I often think about why some animals are preferred to others—why we recoil from some, eat others, and keep certain ones as pets. I have also pondered beauty. We’ve all heard that “beauty is in the eye of the beholder,” and I’ve witnessed this many times. One person will think a celebrity is beautiful while another will disagree. But neither of those people would call the celebrity ugly; well, they might, to make a point, but they wouldn’t truly mean it. They would actually mean that the celebrity doesn’t meet their criteria for beauty. What one person perceives as human beauty does not always mesh with the opinion of others. It might be due to one preferring blondes to brunettes, or brunettes to redheads. It could be related to what a person was raised to believe was beautiful. So why doesn’t anyone prefer a slug to an inchworm? Or a rat to a rabbit?

Speaking of nature, the other day, or maybe a few weeks ago, when I was driving to who-knows-where, I heard a radio ad for a homeopathic natural supplement that improves one’s short-term memory within 60 minutes. I wish I recalled the name of it, but I hadn’t taken the supplement, so just knowing about it did me no good. The ad got me thinking, though. In the recent past, whenever I heard the word, “homeopathic,” I would think of natural remedies. However, I looked the word up not long ago and learned that homeopathic remedies, if given to a healthy person, would cause symptoms of the disease that sick people are trying to get rid of. My brain shorted out when I read that. If people knew what homeopathic meant, I doubt they’d brag to their friends that they only used homeopathic drugs. I would venture to say that many people think homeopathic remedies are natural remedies. And anything natural is good, right?

Socrates might disagree with you. He was sentenced to commit suicide by drinking hemlock, a poisonous plant. There are plenty of poisonous plants found in nature. I would think that the perfect murder would involve giving someone a freshly brewed cup of hemlock that one grew in one’s garden alongside tea leaves. Persuading a jury that you mixed up the plants would be a cinch. This makes me wonder why our society looks on natural remedies with such a favorable eye. The medical profession is aware that certain herbs and supplements can be detrimental if taken willy-nilly or in tandem with prescribed medicines. Even grapefruit juice can interfere with certain medicines, and what’s more natural than grapefruit?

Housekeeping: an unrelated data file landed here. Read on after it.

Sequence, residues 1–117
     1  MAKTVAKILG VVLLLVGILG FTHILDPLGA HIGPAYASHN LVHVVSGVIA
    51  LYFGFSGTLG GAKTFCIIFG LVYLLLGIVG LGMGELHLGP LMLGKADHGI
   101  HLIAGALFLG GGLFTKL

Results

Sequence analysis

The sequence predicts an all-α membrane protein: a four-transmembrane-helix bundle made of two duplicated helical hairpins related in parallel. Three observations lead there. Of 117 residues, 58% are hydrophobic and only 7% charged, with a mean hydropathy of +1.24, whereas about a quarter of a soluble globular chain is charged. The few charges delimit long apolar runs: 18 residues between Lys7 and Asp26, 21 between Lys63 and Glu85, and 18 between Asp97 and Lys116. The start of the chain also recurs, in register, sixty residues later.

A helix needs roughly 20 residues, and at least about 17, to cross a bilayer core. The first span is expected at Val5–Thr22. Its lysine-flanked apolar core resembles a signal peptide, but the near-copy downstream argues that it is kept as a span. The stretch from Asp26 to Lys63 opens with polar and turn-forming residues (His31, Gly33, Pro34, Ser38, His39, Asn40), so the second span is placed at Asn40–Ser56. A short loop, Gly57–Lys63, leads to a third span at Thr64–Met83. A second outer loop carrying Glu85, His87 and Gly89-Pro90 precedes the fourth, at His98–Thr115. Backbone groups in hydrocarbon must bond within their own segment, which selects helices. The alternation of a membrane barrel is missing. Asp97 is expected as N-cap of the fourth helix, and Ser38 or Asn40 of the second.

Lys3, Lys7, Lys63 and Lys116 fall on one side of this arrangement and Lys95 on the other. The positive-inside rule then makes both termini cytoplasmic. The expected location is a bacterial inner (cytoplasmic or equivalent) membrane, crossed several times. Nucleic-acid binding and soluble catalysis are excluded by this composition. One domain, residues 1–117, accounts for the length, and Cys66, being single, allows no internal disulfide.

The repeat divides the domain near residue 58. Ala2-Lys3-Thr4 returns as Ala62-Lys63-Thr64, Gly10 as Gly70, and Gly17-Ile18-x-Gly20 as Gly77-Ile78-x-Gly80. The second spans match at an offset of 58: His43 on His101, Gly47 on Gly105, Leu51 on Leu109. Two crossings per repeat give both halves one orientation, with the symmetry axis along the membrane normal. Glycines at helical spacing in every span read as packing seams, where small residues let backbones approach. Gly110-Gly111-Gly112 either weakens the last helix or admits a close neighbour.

Today, I was filling pots with soil and my friend called. When I told her I was gardening, she asked me if I had lost my mind since I had already contracted ivy poisoning twice this year and it was only May. The outbreaks were severe and required heavy doses of Prednisone. I reassured her that my gardening endeavors today were pot-related. She thought that it was interesting that I was growing marijuana and asked me to tell her where the plants were located.

While this exchange was in jest—take note FBI— it also made me think about the beneficial plants in nature. Just as with beauty, opinion varies. I love string beans, but my husband doesn’t. My inlaws salivate over broccoli rabe while I would use it as a poison, in place of hemlock. Certain fruits and vegetables are universally appreciated like apples, bananas, oranges, lemons, tomatoes, lettuce, and potatoes. Others, like lychee, prickly pears, plantains, rhubarb, beets, rutabagas, turnips, and spinach are as much disliked as liked. The same goes for marijuana. Some don’t like it and some do—especially when they’re stoned. What’s not to like when one is stoned? Hell, even broccoli rabe is appealing. (Not that I would know this from experience, law-enforcement agents.)